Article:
"...the phenomenon of fascism can be demonstrated as latent in more or less recognizable fashion in nearly all nations and peoples on earth.... Accordingly, to defeat Hitler is not yet to liquidate fascism."
Indeed brown shirts and flying German spittle aren't necessary accoutrements. (A touch of black in the blouse isn't always a hindrance, at that. Consider the great producer Hal Roach, the King of Comedy, who planned to go into business producing movies in the '30s with a much admired glamorous European political figure. The name of the company would be RAM: for Roach and Mussolini.)
To run around f-word resistance, I've taken up the term Orwellian, a word whose "fictional" snout is more tolerated in the parlors of "serious" -- as opposed to "reckless" -- commentary. (And I do admit that often when I myself read someone crying "fascist," I immediately want the person to prove his bona fides). What's good about Orwellian is that it invokes the insidious manipulation of public reality, which is a hallmark of Bush's America, where government publications are grossly doctored; where slogans are manufactured for official policies whose intent is the exact opposite of what's advertised; where war and fear are whipped up as partisan political weaponry.
But Orwellian is another word for totalitarian, no? Which in turn is a general term that includes our unwelcome friend, Herr F-word? I'm just pondering.
That editor of the book on fascism says we need a new mot to convey what Bush is up to. Not a backward looking one, but something of the here and now that links Bush with, say, Putin and Berlusconi. Neo-fascist? Post-fascist? "Authoritarian" doesn't do the trick, surely. Right wing democracy? Strongman democracy? Crime syndicate democracy? When does "democracy" start to mean nothing in these terms? How about "banana republic?" (Those are awfully big bananas.)
The veneer in Bush's America is still a government under the spreading branches of the Constitution. In September comes National Constitution Week and these fine words from the Decider in the White House:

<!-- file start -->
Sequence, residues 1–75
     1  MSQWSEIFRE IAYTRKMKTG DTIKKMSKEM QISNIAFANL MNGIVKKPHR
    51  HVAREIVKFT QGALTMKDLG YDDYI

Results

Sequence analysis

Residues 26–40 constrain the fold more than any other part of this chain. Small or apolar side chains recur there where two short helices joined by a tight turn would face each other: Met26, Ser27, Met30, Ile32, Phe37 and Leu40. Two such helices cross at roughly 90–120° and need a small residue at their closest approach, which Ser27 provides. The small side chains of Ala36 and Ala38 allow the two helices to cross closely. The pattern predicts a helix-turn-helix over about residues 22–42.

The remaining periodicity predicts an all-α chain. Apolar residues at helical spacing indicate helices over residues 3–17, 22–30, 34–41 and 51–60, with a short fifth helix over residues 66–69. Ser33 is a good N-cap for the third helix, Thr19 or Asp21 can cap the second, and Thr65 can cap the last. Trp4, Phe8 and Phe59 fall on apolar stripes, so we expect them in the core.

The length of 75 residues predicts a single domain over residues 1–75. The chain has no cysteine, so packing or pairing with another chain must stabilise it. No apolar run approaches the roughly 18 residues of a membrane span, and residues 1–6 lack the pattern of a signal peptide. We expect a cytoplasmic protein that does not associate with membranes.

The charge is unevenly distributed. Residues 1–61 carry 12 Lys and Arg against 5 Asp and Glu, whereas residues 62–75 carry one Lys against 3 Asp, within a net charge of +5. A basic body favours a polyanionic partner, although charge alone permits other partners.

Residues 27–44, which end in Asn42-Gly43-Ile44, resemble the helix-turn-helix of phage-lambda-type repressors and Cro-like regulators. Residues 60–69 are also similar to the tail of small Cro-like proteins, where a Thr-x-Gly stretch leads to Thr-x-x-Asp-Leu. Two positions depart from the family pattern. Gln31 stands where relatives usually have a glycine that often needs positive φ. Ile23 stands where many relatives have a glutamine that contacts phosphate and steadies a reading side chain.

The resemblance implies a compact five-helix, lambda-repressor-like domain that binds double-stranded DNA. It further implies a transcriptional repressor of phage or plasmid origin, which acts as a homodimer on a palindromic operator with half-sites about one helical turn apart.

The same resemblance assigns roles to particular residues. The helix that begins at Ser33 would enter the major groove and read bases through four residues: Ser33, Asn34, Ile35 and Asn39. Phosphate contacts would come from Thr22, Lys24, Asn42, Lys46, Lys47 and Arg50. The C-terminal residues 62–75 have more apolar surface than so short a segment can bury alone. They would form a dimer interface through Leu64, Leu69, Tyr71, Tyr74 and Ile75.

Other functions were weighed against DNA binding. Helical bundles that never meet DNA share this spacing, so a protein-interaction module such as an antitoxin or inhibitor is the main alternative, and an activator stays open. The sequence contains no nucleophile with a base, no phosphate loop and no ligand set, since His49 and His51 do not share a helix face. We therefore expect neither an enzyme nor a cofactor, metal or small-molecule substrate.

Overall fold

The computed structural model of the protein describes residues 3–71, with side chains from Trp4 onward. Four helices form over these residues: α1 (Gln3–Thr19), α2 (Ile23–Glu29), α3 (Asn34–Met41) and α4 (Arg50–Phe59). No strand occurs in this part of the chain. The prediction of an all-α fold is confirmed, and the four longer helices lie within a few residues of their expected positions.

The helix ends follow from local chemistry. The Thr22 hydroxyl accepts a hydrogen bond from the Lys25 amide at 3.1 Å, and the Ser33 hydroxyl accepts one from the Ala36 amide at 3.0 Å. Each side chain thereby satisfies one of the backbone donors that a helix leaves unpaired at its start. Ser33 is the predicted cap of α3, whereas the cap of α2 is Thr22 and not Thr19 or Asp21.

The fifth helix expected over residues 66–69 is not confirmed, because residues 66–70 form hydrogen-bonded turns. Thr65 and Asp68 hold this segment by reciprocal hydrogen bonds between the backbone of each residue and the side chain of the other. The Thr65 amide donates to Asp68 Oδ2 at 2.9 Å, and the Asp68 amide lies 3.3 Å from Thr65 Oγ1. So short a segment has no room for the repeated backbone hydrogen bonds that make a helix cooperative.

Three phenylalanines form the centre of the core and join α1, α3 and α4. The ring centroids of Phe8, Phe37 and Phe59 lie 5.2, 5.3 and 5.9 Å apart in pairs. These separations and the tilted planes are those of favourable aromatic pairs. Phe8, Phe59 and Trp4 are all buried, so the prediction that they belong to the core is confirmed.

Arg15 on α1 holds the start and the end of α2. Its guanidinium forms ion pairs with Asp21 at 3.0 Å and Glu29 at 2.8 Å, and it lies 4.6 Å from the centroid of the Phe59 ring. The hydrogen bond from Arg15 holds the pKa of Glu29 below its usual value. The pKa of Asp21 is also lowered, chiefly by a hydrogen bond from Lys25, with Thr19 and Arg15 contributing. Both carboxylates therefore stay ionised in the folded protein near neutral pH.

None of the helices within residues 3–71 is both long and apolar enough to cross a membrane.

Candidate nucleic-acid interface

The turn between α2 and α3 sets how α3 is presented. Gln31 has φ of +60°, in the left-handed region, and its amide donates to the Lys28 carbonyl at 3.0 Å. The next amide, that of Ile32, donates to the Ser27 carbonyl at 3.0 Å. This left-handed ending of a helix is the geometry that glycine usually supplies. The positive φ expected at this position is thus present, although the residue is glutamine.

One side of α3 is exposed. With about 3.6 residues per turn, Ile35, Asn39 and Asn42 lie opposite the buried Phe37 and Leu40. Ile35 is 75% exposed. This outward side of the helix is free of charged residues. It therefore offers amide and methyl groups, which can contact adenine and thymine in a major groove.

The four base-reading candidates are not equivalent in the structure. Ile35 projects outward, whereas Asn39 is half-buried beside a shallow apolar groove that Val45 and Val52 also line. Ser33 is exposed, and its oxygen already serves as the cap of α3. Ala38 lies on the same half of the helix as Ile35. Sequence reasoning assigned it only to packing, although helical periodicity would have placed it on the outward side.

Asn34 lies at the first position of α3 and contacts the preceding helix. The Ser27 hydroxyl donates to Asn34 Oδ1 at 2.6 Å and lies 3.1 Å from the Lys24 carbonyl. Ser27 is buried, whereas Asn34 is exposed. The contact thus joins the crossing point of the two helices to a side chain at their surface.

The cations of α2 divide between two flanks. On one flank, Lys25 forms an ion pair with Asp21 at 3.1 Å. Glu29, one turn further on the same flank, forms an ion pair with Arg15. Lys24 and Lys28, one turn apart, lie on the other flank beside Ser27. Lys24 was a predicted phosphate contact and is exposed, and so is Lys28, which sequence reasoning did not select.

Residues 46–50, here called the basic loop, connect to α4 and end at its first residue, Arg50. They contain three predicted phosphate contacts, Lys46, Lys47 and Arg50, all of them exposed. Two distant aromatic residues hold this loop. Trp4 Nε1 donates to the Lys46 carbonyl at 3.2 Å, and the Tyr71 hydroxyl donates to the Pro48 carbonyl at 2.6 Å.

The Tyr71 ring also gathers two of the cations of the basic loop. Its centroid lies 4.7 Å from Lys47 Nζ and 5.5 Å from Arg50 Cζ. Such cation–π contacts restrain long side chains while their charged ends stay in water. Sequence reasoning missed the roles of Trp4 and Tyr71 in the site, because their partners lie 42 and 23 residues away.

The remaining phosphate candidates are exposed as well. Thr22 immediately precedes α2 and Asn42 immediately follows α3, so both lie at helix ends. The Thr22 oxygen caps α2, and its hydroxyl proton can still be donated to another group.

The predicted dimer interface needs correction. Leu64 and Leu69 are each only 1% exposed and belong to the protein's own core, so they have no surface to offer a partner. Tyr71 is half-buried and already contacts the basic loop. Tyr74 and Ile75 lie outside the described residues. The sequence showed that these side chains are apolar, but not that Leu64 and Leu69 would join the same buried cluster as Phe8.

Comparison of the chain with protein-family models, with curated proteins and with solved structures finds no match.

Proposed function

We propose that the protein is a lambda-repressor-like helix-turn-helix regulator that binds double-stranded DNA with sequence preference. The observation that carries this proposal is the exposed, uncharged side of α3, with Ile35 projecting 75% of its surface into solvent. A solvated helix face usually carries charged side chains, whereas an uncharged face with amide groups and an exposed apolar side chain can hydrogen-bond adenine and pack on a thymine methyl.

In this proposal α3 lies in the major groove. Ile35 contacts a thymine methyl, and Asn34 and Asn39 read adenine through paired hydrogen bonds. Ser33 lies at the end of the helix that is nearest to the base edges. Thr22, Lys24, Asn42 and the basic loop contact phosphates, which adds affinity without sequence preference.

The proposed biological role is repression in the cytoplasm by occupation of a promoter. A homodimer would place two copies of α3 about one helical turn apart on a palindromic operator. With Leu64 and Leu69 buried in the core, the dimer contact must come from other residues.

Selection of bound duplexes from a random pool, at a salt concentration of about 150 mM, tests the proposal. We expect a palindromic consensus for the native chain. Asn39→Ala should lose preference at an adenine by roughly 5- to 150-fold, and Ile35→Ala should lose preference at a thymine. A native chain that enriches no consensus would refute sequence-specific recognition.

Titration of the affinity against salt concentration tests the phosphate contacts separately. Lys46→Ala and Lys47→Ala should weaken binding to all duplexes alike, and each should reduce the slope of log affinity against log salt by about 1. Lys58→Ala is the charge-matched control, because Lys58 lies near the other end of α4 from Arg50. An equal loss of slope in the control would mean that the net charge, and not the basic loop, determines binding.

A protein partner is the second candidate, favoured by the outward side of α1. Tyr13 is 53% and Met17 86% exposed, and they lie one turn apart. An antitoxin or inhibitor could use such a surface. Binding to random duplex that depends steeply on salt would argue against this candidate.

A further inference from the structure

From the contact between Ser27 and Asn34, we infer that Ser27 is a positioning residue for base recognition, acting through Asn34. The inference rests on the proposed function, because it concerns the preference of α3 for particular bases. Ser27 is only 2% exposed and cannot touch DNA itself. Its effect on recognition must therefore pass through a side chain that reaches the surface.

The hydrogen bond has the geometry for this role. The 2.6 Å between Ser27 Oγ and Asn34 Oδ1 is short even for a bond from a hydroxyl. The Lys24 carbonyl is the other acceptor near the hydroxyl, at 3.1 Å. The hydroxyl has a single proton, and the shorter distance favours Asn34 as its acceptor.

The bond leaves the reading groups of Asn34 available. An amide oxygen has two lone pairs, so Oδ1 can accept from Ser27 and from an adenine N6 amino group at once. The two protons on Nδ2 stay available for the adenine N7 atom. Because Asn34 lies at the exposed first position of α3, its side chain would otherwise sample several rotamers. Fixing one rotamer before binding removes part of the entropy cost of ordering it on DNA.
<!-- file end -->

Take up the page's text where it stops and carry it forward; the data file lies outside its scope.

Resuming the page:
"I encourage Federal, State, and local officials, as well as leaders of civic, social, and educational organizations, to conduct ceremonies and programs that celebrate our Constitution and reaffirm our rights and responsibilities as citizens of our great Nation."
Different words from his earlier ones that the Constitution was "a goddamned piece of paper" being thrown up at him to hobble him doing as he pleased.
Indeed, the actions of the Bush administration, along with laws on the books now, don't just monkey with constitutional details. They constitute open portals to tyranny. Maintained by the prodigious tools of state propaganda.
So really, I'd like to know: How properly tag America's government today? What is the grim forest called of which these are the trees:
Aggressive lie-based war, torture, suspension of habeas corpus, flouting of Geneva Conventions, militaristic jingoism, signing statements negating legislation, contempt of congressional oversight, blanket state secrecy, warrantless wiretapping, propagandizing of official documents and policies, partisan infestation of all government agencies, breaching of the separation of church and state, corporate engorgement. I've left things out.
All this in an environment of swift-boating, neutered or perverted media, and political religious fundamentalism. Again I've left out much.
What's the right name, here and now? Surely there's a moniker that will have the effect of screaming "FIRE!!", to jar us out of our national inertness, our "Ach, it's all just politics" mode?
What say you?
Thanks to Uber.com where this piece first appeared on my blog Brain Flakes.
Also at Smirkingchimp.com